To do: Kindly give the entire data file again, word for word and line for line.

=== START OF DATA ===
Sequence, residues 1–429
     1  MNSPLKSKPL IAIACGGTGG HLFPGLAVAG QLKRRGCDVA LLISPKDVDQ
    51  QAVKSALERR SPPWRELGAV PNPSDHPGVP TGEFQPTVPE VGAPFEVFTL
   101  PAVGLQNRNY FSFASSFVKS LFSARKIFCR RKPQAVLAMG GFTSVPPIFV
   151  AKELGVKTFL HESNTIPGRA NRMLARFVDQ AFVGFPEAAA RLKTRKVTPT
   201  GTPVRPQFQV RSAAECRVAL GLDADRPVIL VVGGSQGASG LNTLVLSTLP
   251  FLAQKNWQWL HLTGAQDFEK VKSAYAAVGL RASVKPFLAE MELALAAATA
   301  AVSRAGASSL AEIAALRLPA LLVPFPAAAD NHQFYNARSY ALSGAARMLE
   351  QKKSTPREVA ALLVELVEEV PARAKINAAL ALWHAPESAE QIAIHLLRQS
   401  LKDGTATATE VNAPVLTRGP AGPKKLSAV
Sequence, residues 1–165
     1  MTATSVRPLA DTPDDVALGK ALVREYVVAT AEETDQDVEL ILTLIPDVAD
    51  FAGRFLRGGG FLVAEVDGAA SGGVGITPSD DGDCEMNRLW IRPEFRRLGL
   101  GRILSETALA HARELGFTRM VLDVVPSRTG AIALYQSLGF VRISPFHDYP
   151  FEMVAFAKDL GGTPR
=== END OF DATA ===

Sequence, residues 1–429
     1  MNSPLKSKPL IAIACGGTGG HLFPGLAVAG QLKRRGCDVA LLISPKDVDQ
    51  QAVKSALERR SPPWRELGAV PNPSDHPGVP TGEFQPTVPE VGAPFEVFTL
   101  PAVGLQNRNY FSFASSFVKS LFSARKIFCR RKPQAVLAMG GFTSVPPIFV
   151  AKELGVKTFL HESNTIPGRA NRMLARFVDQ AFVGFPEAAA RLKTRKVTPT
   201  GTPVRPQFQV RSAAECRVAL GLDADRPVIL VVGGSQGASG LNTLVLSTLP
   251  FLAQKNWQWL HLTGAQDFEK VKSAYAAVGL RASVKPFLAE MELALAAATA
   301  AVSRAGASSL AEIAALRLPA LLVPFPAAAD NHQFYNARSY ALSGAARMLE
   351  QKKSTPREVA ALLVELVEEV PARAKINAAL ALWHAPESAE QIAIHLLRQS
   401  LKDGTATATE VNAPVLTRGP AGPKKLSAV
Sequence, residues 1–165
     1  MTATSVRPLA DTPDDVALGK ALVREYVVAT AEETDQDVEL ILTLIPDVAD
    51  FAGRFLRGGG FLVAEVDGAA SGGVGITPSD DGDCEMNRLW IRPEFRRLGL
   101  GRILSETALA HARELGFTRM VLDVVPSRTG AIALYQSLGF VRISPFHDYP
   151  FEMVAFAKDL GGTPR